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The way we shop has changed. Shoppers are hyperconnected, impatient and have multiple choices, with retailers struggling to keep up. This is not just a pandemic disruption either, this is an evolution of branding and online purchasing, putting the customer at the centre of everything that you do.
How can brands meet and appeal to customers at multiple touchpoints to ensure they can evolve and grow?
The evolution of the online marketplace has accelerated to keep up with the changing needs of consumers — they want more choice, quicker service delivery and an exceptional shopping experience — and these expectations will continue to grow. If retailers don't keep up, they will see their customers jump ship.
In recent times, customers look elsewhere much sooner if their experience isn't personalised, or they don't have access to the shopping perks they want. Retailers should see this as an opportunity to capitalise on a mutually beneficial relationship. If customers have their expectations met, they will be more willing to share their data with companies to get even more personalised experiences in the future.
We can see this in action with an example from The Fragrance Shop, which released a tool called the Fragrance Match. The customer answers a set of questions about their fragrance preferences, and the tool creates a profile for them. Based on this profile the tool then suggests certain fragrances to help make their purchase decision easier.
The benefit of a tool like this is to help customers discover new products, or ones similar to their all-time favourites, without feeling overwhelmed by hundreds of choices. It also saves them time if they want to try them out in-store — armed with a list from their customer profile, they can pick out choices to test in an instant. By bringing together a new and exciting digital tool with the familiarity of visiting a physical store, brands can create rich omnichannel experiences.
Appealing to customers at every touchpoint
We are starting to see more evidence of channels merging to create a hybrid of digital and physical. For instance, take customers being able to connect virtually with staff on the shop floor. While video calls have become quite a common means of communication for business meetings and socialising, it's a relatively new concept in the realm of customer service.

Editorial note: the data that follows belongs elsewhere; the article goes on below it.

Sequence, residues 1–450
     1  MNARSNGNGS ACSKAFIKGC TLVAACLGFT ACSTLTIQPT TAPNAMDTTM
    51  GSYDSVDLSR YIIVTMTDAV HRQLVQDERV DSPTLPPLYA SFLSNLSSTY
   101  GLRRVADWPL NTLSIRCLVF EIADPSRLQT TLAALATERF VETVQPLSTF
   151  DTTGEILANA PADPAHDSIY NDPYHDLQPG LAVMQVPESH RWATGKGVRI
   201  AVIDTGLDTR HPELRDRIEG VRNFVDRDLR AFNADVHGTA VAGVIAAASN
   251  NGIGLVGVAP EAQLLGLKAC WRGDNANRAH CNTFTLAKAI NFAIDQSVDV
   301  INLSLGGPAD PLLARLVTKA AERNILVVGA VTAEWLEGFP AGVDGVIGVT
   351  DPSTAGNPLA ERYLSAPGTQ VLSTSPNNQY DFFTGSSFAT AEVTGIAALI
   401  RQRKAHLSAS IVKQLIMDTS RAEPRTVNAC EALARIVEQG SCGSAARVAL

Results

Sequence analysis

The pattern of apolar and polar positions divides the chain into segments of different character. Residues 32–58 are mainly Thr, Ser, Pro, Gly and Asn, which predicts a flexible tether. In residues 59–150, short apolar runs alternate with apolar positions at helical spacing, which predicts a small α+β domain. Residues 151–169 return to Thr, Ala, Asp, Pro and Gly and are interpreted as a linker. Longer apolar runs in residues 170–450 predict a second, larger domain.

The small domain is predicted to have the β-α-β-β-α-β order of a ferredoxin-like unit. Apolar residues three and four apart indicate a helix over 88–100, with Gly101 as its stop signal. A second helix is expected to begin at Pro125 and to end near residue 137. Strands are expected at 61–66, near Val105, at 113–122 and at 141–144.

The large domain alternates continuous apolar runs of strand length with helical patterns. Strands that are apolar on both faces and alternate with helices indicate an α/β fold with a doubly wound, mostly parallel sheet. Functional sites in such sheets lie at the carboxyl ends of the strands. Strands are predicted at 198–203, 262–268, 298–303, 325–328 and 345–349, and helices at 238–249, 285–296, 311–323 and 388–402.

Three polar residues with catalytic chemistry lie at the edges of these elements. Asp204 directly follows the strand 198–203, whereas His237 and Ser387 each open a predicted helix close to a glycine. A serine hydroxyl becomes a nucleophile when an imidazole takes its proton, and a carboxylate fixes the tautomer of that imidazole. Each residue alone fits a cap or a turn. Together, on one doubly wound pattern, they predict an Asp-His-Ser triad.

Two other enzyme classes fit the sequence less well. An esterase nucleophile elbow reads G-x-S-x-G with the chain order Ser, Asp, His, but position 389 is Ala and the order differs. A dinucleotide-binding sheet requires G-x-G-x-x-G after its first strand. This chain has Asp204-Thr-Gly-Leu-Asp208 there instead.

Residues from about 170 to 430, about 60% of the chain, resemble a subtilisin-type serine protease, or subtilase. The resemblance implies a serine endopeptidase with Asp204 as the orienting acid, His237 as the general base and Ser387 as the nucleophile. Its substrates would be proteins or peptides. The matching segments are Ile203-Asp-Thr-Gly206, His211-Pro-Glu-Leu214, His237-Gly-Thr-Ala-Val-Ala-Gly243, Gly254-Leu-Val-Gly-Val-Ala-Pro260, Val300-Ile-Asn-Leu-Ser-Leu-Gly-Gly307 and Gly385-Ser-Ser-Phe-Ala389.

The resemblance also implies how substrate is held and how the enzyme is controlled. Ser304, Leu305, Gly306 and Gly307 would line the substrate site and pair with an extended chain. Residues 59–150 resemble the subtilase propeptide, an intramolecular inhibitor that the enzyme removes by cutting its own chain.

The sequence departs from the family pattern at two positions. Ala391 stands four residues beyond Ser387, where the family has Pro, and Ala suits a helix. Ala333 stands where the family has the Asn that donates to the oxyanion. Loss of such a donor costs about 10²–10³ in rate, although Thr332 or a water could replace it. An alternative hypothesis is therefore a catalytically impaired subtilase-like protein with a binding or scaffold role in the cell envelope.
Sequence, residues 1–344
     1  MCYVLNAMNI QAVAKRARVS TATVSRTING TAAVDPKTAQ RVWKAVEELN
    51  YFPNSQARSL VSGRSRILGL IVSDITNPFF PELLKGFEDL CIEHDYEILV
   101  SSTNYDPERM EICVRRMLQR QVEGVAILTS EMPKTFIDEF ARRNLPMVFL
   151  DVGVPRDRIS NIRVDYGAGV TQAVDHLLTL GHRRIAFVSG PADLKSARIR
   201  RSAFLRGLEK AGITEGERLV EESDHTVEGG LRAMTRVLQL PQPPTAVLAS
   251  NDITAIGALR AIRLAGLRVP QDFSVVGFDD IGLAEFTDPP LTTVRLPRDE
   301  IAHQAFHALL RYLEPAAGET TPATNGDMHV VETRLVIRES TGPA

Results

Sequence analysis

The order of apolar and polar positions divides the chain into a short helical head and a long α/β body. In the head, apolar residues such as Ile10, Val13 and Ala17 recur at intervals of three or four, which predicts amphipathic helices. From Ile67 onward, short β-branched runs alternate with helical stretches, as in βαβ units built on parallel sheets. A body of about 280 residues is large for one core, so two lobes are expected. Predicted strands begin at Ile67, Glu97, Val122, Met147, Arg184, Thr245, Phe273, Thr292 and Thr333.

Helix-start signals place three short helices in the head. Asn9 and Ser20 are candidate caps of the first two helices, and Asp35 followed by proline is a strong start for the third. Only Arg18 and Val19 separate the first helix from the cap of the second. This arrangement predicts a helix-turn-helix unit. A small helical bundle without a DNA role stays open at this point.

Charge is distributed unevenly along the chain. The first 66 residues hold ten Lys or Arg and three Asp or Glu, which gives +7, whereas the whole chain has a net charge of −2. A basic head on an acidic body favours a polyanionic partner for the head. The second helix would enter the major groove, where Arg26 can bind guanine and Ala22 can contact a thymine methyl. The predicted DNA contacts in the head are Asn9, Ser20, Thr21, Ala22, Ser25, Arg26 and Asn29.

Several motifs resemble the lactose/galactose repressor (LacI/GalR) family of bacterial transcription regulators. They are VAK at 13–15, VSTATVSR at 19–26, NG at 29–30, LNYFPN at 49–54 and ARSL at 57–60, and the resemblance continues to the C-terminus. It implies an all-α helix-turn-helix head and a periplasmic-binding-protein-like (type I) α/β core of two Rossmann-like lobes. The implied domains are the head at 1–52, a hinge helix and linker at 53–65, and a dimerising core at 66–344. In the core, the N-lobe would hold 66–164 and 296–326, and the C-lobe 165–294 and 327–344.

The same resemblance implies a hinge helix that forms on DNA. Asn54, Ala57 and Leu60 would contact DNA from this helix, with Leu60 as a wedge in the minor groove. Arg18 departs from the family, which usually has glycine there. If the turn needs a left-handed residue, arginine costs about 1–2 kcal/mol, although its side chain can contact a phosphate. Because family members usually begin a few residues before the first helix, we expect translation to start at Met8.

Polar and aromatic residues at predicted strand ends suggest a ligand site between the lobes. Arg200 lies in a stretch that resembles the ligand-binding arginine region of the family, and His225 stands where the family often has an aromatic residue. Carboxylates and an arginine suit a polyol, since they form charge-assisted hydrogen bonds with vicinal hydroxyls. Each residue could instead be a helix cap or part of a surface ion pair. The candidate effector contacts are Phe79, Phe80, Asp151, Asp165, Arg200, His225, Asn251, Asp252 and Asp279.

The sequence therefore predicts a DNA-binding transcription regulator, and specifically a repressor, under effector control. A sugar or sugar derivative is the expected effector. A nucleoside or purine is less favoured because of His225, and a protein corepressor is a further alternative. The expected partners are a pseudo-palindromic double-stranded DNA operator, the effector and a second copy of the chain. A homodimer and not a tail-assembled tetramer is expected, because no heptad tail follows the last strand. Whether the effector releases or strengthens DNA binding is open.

Now, customers can connect with retail staff through video to get tailored advice and have their questions answered instantly. It also gives agents the opportunity to introduce customers to products or services that they might not have known about otherwise.
As part of this transition to a hybrid shopping experience, where the digital and the physical mesh together, we will also see businesses offer more subscription services and memberships as part of their business models. Instead of buying a single fragrance once every six months for instance, with a subscription, you will have new ones delivered each month to your doorstep.
There is a great opportunity here for established (and often 'traditional') businesses with large, loyal customer bases and rich data banks that have been built up over many years of operation. They already know a lot about their customers preferences because they've gained their trust. They have deep insights into the kinds of perks their customer base will respond to do they prefer discounts, free delivery, or membership points systems? Building on this wealth of data and insights, established brands are in a strong position to deliver excellent products and services at the right time, underpinned by excellent omnichannel experiences.
Evolving with a headless approach
There are numerous factors to consider when creating excellent experiences for customers there's personalisation, delivery, inventory, customer service, and more. All of which of course rely on data.
Traditional monolithic ecommerce platforms lack the necessary flexibility, scalability and agility, particularly when it comes to managing data. Without access to data at speed, it's difficult to track the success of products, or monitor which promotions worked best to encourage conversion. Legacy technology that operates in silos also slows down businesses looking to respond to changing consumer demands.
Headless ecommerce gives companies the flexibility to use the best parts of one application and the best parts of another in a modular way, to create a 'best of breed' ecommerce stack. They can plug the specific business gaps or pain points much quicker, while minimising risk at the same time. Headless also allows omnichannel retailers to easily share data with key applications across all customer touchpoints. As e-commerce channels expand to include more touchpoints such as native apps, wearables and IOT devices, modern APIs allow these channels to work together seamlessly.
The future of ecommerce, as we see it
Although brick and mortar stores did take a backseat during the most trying times of the pandemic, they are still firmly a part of our future. What we will continue to see is the evolution and amalgamation of the online and offline into hybrid ecommerce. While we aren't out of the woods with the pandemic just yet, it's clear that to come out on top and thrive in this new landscape, companies will need to adopt a hybrid and omnichannel model to keep the hyperconnected shopper happy and loyal.